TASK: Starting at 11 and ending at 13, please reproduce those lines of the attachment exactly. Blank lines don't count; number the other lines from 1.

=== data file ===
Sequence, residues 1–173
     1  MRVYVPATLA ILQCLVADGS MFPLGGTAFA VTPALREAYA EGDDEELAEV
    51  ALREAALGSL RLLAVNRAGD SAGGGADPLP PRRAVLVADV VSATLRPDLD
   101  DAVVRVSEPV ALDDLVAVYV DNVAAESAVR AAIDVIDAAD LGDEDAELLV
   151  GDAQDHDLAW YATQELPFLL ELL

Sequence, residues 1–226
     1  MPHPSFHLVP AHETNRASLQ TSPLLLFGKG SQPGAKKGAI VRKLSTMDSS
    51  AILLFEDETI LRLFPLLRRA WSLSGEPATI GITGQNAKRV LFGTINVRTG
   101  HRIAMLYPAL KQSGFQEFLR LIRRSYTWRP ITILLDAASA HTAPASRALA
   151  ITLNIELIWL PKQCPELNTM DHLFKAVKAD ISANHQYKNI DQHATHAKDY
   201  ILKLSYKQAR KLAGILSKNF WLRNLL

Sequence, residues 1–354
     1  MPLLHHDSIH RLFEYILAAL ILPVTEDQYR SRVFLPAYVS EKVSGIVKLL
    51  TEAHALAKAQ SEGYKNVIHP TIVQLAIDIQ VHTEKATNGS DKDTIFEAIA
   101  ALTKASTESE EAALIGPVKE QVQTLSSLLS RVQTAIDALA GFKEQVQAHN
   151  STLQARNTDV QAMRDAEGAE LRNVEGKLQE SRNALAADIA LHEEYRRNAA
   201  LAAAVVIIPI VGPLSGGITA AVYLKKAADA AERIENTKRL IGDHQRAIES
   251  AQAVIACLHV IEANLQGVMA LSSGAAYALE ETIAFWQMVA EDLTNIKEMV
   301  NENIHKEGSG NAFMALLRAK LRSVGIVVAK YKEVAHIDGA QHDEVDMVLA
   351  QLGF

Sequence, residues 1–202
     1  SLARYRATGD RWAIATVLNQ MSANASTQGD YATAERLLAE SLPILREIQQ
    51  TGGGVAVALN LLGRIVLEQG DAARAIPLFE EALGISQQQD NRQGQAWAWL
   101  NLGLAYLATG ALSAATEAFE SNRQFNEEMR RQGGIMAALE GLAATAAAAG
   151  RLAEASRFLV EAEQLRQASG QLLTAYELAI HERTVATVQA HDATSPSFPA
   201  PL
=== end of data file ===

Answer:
   201  ILKLSYKQAR KLAGILSKNF WLRNLL

Sequence, residues 1–354
     1  MPLLHHDSIH RLFEYILAAL ILPVTEDQYR SRVFLPAYVS EKVSGIVKLL